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Letters April 27

Maggie Walker statue supporter speaks out

Maggie Walker statue supporter speaks out

This letter is in rebuttal to "Astrological Chances" (Metro, June 8). This is a subtle effort to destroy our non-profit efforts to commemorate the life and work of Maggie L. Walker. History has shown that racism can raise its ugly face under the guise of objectivity.

There was and still is a "pledge" (among other pledges) which is the standard practice in fund-raising. It was, however never disclosed that the $100,000 would be in cash, bonds, securities, real estate or inventories - $100,000 is a mere accounting term and a store value for capital.

Style Weekly says the Richmond City Council promised to give the group land and that internationally famous sculptors such as Tina Allen have submitted applications, thereby implying inducement and reliance upon the representations of the pledge.

Style leaves the reader to conclude (as in a fairy tale) that Richmond City Council was seduced and induced by the pledge to designate land and that they did so in reliance thereon. Moreover, international sculptors have also (by implication) been induced by the pledge to submit applications in reliance thereon.

The Richmond City Council at no time to my personal knowledge took the pledge into consideration. They acted upon the merits of the request and the resolution itself in the recognition of the noble work of Maggie L. Walker.

Also, the National Commitment to Noble Works (Incorporated as NCNW Committee Inc.) does not even have applications nor did they submit applications for the sculptors' submissions. Nor was there any inducement or suggestions of the pledge in their reliance of interest. Paul Di Pasquale contacted me. The others came by referral from local citizens, while others were researched from their work.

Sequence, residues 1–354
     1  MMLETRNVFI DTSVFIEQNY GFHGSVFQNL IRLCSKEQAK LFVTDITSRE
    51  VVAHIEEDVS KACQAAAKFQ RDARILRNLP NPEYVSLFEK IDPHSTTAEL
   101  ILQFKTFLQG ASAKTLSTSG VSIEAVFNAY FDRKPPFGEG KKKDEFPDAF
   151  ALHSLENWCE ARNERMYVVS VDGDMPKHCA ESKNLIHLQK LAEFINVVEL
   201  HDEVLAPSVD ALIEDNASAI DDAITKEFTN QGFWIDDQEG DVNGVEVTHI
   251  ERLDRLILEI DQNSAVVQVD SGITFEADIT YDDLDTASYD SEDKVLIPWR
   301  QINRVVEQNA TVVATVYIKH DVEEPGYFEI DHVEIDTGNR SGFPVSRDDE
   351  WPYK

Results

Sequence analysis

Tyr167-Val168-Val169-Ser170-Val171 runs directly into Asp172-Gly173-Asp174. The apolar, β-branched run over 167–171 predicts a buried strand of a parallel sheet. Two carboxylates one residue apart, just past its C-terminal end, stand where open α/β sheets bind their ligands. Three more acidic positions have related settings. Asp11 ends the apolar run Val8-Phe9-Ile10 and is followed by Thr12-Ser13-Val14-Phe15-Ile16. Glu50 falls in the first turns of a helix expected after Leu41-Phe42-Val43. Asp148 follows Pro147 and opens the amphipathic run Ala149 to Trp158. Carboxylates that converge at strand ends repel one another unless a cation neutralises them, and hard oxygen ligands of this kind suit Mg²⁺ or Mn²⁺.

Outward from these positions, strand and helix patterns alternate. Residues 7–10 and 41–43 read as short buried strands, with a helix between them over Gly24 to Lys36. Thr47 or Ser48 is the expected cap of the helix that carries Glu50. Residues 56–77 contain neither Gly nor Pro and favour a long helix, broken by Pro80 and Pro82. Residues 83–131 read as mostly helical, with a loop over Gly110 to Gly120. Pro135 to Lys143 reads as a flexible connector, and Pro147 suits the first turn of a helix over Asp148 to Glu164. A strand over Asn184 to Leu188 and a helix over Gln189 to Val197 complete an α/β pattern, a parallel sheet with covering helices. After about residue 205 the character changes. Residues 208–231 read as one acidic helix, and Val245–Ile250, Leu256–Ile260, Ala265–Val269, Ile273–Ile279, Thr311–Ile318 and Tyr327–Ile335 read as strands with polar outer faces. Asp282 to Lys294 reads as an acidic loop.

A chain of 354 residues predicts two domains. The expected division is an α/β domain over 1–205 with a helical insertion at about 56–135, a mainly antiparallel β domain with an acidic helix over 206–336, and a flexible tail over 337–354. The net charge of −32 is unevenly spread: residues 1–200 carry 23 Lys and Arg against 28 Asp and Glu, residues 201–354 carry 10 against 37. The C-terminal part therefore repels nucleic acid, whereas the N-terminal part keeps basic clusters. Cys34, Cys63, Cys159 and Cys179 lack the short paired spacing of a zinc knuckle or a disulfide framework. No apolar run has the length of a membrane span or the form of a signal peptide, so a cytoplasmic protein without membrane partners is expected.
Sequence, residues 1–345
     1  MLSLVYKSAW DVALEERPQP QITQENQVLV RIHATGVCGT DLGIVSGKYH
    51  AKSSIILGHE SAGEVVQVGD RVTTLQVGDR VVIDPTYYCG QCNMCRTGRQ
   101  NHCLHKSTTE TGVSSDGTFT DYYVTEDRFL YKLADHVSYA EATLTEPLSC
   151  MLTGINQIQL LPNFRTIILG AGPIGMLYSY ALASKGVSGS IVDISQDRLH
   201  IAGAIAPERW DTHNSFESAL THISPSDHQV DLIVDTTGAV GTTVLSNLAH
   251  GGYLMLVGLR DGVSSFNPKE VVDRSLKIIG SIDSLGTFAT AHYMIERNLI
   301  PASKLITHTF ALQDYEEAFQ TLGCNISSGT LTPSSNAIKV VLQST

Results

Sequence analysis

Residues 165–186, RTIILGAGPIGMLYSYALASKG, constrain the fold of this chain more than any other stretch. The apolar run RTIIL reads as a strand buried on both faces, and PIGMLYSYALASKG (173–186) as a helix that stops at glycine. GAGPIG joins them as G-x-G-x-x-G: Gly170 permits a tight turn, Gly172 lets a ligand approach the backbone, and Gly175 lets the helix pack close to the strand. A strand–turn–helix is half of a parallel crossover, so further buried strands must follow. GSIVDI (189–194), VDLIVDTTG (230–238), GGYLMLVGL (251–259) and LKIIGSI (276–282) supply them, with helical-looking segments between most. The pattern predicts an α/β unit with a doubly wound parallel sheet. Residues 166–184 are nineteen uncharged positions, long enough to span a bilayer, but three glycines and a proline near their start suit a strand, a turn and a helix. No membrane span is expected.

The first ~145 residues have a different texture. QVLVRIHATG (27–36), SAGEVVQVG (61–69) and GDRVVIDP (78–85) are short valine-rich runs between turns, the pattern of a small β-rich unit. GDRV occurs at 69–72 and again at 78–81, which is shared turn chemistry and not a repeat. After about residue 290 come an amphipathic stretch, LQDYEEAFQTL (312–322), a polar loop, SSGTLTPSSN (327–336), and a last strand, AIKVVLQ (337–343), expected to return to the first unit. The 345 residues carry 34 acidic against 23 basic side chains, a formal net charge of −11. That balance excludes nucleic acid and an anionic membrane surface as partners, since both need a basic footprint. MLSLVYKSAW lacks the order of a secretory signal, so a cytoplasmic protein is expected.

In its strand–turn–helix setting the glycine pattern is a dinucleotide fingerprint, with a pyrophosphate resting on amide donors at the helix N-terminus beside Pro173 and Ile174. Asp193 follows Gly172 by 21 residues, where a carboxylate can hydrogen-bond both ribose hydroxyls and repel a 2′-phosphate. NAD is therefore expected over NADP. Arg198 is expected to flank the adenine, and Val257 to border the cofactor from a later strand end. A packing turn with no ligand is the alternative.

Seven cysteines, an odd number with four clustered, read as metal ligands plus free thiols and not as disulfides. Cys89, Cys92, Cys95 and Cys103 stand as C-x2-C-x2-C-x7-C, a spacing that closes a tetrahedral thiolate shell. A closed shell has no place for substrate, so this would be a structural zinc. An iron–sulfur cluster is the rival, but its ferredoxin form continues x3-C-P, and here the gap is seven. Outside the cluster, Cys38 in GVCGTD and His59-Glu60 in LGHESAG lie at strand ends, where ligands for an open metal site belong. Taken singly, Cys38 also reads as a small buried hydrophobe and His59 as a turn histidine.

The story also includes a spurious and subtle effort to denigrate and mitigate the importance of H. Clayton Moore. The fact is that H. Clayton Moore is an African-American inventor and game developer, one of a handful of African-American game developers in the United States. Whether he sells a billion a year or a few thousand, he is still a copyrighted inventor who has a philanthropic heart and should not be denigrated because he is not a millionaire and well known. This is a classical put-down to an emergent African-American business person. In my opinion, H. Clayton Moore is a creative genius who is yet unrecognized and needs marketability like all other products and services in this country.

Look at the damage that Style has not only done me, Moore, our efforts and the project's reputation. Look at the crippling effect that this may have on our ability to raise funds. It is not what has been said but the reliance and the perception of the public upon what has been said.

In closing, this is the kind of experience that Maggie L. Walker went through when she wanted to conduct business on Broad Street.

- Alfred "Doug" Goodwein